It is true that Steve Sarkisian’s return to the Alabama staff as offensive coordinator, following a rough tenure with the Atlanta Falcons, will gain more national attention. A lot of people in the South (and across the country) will look at Sark and think that Alabama might suffer as a result of his presence on staff. Let’s dispel that notion. No, Sark is not a brilliant offensive mind, but it would be very hard to get in the way of Tua and his wide receivers. Just about anyone would be able to get the Alabama offense to thrive. Mike Locksley did. I don’t regard Locksley as a great tactician. His specialty is recruiting. Yet, Alabama got to the national title game once again. It moved the ball and gained a lot of yards against Clemson. Locksley’s play-calling was ultimately exposed in red-zone situations, but viewed in a broader context, his presence as Bama’s offensive coordinator did not harm the program. It shouldn’t be any different for Sarkisian. The upgrade at defensive coordinator matters a lot more than the change at offensive coordinator.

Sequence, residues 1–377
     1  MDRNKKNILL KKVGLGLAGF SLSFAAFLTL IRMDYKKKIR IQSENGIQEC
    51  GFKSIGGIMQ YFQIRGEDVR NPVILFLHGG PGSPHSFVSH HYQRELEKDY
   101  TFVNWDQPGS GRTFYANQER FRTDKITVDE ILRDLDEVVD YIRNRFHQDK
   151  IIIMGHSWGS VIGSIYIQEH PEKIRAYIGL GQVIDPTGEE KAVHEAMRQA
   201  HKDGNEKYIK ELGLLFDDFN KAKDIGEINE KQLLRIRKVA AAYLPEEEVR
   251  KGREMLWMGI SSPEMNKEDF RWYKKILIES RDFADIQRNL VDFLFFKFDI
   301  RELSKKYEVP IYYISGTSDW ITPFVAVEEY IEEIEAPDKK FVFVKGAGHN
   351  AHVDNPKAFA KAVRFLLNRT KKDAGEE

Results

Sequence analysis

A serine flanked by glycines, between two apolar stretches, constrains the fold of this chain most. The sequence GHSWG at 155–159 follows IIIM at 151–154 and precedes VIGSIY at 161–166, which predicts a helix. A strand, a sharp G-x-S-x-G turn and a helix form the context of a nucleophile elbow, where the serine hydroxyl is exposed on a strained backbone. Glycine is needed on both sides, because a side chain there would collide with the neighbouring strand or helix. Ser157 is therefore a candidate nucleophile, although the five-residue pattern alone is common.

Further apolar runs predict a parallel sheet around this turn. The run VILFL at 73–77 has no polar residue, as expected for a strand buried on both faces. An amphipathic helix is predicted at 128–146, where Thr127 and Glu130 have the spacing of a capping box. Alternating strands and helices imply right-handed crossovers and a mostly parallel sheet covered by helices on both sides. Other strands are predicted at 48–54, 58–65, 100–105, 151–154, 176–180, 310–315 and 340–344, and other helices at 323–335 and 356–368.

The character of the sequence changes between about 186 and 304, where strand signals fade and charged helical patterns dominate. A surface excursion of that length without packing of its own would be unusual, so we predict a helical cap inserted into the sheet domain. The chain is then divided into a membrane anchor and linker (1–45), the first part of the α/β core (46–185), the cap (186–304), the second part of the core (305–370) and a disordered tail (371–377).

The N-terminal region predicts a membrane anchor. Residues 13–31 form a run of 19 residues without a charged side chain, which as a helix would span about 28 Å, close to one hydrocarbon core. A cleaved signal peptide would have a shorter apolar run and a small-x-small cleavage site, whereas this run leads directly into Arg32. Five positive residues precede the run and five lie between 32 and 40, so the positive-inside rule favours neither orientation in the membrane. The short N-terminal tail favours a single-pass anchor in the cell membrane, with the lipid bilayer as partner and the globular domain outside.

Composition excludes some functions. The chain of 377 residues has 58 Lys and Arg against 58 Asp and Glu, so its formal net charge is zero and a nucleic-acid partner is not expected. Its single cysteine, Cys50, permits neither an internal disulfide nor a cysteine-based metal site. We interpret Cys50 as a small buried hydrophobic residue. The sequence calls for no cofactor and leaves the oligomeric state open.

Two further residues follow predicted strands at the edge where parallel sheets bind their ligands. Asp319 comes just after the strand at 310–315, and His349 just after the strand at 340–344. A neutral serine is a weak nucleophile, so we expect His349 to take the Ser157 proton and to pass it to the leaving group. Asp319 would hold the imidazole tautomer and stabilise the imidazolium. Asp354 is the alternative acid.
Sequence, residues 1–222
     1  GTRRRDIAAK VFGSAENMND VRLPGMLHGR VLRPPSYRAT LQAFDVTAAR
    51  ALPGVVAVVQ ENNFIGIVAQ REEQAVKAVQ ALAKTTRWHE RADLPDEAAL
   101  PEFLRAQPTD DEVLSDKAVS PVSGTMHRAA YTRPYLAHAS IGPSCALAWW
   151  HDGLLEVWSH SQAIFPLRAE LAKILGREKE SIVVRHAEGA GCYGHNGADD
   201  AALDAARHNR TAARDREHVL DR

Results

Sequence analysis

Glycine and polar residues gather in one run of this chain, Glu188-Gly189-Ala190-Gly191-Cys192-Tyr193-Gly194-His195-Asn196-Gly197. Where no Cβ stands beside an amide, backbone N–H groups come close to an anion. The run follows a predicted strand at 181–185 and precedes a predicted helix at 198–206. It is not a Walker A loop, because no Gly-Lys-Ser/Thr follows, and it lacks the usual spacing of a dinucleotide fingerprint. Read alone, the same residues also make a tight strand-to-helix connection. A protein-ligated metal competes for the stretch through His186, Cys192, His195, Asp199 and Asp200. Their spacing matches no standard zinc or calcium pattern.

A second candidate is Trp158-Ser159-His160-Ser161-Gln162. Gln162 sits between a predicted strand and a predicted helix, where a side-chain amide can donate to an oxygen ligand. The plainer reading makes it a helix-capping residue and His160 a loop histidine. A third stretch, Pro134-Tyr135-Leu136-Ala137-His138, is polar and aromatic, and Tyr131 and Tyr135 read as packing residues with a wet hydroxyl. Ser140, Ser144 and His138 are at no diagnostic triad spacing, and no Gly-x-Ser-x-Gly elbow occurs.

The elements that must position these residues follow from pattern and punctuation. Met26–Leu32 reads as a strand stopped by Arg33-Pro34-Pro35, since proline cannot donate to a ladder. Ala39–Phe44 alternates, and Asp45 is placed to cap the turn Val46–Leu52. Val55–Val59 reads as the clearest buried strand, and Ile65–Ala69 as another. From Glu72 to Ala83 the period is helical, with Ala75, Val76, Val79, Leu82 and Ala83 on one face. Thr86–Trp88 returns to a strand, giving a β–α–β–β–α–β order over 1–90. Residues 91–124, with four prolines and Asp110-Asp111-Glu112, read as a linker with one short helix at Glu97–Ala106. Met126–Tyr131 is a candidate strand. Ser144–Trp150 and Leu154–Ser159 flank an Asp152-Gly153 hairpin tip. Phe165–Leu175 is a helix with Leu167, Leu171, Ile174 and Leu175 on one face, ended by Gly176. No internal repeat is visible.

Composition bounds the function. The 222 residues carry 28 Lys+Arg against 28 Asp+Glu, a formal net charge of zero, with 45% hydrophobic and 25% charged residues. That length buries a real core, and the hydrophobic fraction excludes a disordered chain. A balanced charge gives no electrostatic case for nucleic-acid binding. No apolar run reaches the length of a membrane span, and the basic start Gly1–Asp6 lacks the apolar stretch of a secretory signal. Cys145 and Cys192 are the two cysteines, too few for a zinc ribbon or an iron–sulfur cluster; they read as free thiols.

Now let’s go to the other favorites in the SEC, the teams with the best chance of getting in Alabama’s way.
We have already discussed LSU to a degree. Let’s realize that the Tigers will get Auburn and Texas A&M at home this coming season. That will be an important factor when assessing the foremost contenders to Bama in the SEC West. LSU does deserve to be viewed as the main challenger to the Tide. Ed Orgeron was highly doubted by a lot of people, and I have to include myself in that crowd. Coach O hasn’t overcome all of my long-term doubts, but he has earned my trust for 2019 in terms of finishing second in the SEC West, ahead of the other non-Bama teams in the division.
The only other team with an especially good chance of causing trouble in the SEC West is Texas A&M. The blowout win over a talented North Carolina State team in the Gator Bowl sent a message about A&M’s place on the national scene. The Aggies haven’t arrived at the top tier, but they challenged Clemson this past season, defeated LSU (say what you want about the referees’ awful performance in that seven-overtime game), and handled Kentucky. Jimbo Fisher did reasonably well in his first transitional season in College Station, legitimately creating higher expectations for the future.